Your Rainforest Mind

Support For The Excessively Curious, Creative, Smart & Sensitive

Exuberance and Unending Curiosity

9 Comments

Do people tell you to lighten up when you’re just trying to enlighten them?

Individuals with rainforest minds are often intense and quite bright. They love learning new things and sharing what they learn with others. But you may run into trouble when your cohorts don’t appreciate your long detailed descriptions or your esoteric musings. Perhaps you interpret this to mean that something is wrong with you. That you need to tone it down, slow it down, and quiet it down because of your lousy communication skills. Or your mental inadequacy. One of my clients said that she felt shame for years because of her exuberance and her unending curiosity. As a child she was a voracious reader. She loved poetry, art, mythology and anthropology. She was touched by the light reflecting off the trees in her yard. Her parents told her not to take everything so seriously and to stop being so emotional and sensitive. But she was enraptured by the beauty she saw.

What is actually true, is that she has a gifted mind. You, too?

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Author: Paula Prober

I'm a psychotherapist in private practice in Eugene, Oregon. I specialize in counseling gifted adults and consulting with parents of gifted children. The label "gifted" is often controversial and confusing. I use the metaphor of the rain forest to describe this population. Like the rain forest, these individuals are quite complex, highly sensitive, intense, multi-layered, and misunderstood. They're also curious, idealistic, highly intelligent, creative, perfectionistic, and they love learning. I've been an adjunct instructor at the University of Oregon and a guest presenter at Oregon State University and Pacific University. I've written articles on giftedness for the Eugene Register-Guard, the Psychotherapy Networker, and Advanced Development Journal. My book, Your Rainforest Mind: A Guide to the Well-Being of Gifted Adults and Youth, was released in June 2016 by GHF Press and is available on Amazon or at your independent bookstore.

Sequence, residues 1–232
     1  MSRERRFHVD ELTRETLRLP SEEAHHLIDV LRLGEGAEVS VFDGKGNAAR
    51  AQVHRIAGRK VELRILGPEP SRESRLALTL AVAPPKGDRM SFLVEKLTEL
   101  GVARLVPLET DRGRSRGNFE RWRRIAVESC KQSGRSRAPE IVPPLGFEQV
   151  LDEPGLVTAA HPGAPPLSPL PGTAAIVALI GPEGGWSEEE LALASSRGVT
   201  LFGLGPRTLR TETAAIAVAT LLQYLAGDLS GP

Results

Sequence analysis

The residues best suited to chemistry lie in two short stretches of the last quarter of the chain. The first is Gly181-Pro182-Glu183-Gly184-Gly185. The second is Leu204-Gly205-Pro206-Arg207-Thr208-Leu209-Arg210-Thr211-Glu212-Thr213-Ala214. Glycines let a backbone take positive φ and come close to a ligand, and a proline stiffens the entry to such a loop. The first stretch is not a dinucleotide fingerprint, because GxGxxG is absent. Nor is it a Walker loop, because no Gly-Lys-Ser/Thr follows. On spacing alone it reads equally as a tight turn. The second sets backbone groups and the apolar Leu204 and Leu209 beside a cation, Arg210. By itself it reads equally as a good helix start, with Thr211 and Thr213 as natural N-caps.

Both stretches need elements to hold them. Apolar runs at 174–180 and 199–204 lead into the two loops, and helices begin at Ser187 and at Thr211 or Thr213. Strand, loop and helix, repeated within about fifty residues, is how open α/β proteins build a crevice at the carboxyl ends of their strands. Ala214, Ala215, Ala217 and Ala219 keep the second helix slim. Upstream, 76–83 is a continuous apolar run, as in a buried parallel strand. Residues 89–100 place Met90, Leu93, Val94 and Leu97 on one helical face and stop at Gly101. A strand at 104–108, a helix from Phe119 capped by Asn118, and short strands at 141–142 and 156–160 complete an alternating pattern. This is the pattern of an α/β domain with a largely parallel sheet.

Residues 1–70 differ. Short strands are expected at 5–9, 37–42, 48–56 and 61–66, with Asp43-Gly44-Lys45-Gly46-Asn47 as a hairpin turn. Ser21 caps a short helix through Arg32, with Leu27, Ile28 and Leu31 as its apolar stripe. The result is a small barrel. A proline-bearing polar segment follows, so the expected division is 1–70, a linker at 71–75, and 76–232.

9 thoughts on “Exuberance and Unending Curiosity

  1. My husband describes me as a know it all. Well he said, “sometimes you come across as a know it all” when I was trying to explain my neighbors reaction to my “educating” her on her GMO corn in her garden”. I really was doing my utmost to be sensitive, but apparently, I come across as a know it all when I share what I have learned. Have you ever heard this one before?

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    • Oh yes. Lots. I remember a teen I worked with was told by her college professor “nobody likes a know-it-all.” She was crushed. What I saw was that she was just excited by what she was learning and wanted to share her ideas. She would have loved to have someone else debate her and challenge her thinking. She wasn’t trying to show off. I think people with rainforest minds may be called arrogant, too, when they don’t realize that others may not share their intellectual passions. Does that make sense?

      Liked by 2 people

  2. As usual I’m late to the party, but definitely better late than never.

    Once I managed to get over the introversion that plagued me as a child, I found (and still find) myself so much like this. I love connecting with people through past experiences, but even more-so through trivia and new knowledge and interesting tidbits of information that I happen to come across. So many times I’ve apologized to my fiancé for rambling (at least whenever I manage to catch myself), but I’m truly blessed to have found someone with as much of a voracious appetite for knowledge. He always asks me what I’m apologizing for XD I’m so happy when I can do the same for him, because to others he can come across as a know-it-all, but to me he’s sharing something special. He’s sharing the gift of knowledge that he found interesting enough to share.

    Liked by 1 person

    • I think there’s much confusion around this concept of know-it-all and I see it just as you describe. It’s simply a rainforest-minded person excited about what they’re learning!

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  3. Good post. I learn somethin totally new and challenging on blogs I stumbleupon every day.
    It’s always helpful tto read content from other writers and use something from other web
    sites.

    Liked by 1 person

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    Liked by 1 person

  5. This blog leaves me feeling happy and sad all at the same time. I am very much an average person, but I’ve always been interested in so many things and have always struggled to retain any facts about my mini projects. Flowers, birds, gorillas, geology, the history of RADAR, Celtic mythology, philosophy, theology, ASDs. Information evaporates from my mind and I can never learn to the depth I want to. I can’t keep up with my siblings when we discuss “deep” subjects and they’re aren’t gifted, just intelligent.
    This leaves me feeling very low at times. I want to know so much and feel so much more (the world is so exciting!) but it is beyond me. I’m not like the lovely people who are happy socializing all the time and never really learning about the world around them.
    I apologize for posting this because this a blog for very special people and I admire them greatly, but I haven’t found anywhere on the internet who might understand. I found this website after googling “I’m dumb”.
    Again, sorry for venting here. Some days I feel numb, but on others I feel like I might explode from feeling too much sadness, awe and wonder at the world.

    Liked by 1 person

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